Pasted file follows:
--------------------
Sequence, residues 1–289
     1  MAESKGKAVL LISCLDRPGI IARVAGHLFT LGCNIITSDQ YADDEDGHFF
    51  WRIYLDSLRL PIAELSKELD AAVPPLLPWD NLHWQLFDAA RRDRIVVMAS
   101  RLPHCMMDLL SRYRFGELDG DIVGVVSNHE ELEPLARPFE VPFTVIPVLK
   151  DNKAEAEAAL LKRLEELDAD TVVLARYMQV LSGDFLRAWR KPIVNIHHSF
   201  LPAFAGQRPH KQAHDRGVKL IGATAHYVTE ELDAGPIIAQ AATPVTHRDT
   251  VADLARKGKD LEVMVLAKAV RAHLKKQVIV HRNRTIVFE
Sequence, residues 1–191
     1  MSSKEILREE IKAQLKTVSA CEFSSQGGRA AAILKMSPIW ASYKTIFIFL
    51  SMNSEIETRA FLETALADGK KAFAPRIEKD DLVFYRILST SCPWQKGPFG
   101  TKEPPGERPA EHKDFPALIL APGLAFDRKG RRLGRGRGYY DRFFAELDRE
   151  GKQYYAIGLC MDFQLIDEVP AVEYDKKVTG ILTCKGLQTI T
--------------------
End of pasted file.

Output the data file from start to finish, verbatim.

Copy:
Sequence, residues 1–289
     1  MAESKGKAVL LISCLDRPGI IARVAGHLFT LGCNIITSDQ YADDEDGHFF
    51  WRIYLDSLRL PIAELSKELD AAVPPLLPWD NLHWQLFDAA RRDRIVVMAS
   101  RLPHCMMDLL SRYRFGELDG DIVGVVSNHE ELEPLARPFE VPFTVIPVLK
   151  DNKAEAEAAL LKRLEELDAD TVVLARYMQV LSGDFLRAWR KPIVNIHHSF
   201  LPAFAGQRPH KQAHDRGVKL IGATAHYVTE ELDAGPIIAQ AATPVTHRDT
   251  VADLARKGKD LEVMVLAKAV RAHLKKQVIV HRNRTIVFE
Sequence, residues 1–191
     1  MSSKEILREE IKAQLKTVSA CEFSSQGGRA AAILKMSPIW ASYKTIFIFL
    51  SMNSEIETRA FLETALADGK KAFAPRIEKD DLVFYRILST SCPWQKGPFG
   101  TKEPPGERPA EHKDFPALIL APGLAFDRKG RRLGRGRGYY DRFFAELDRE
   151  GKQYYAIGLC MDFQLIDEVP AVEYDKKVTG ILTCKGLQTI T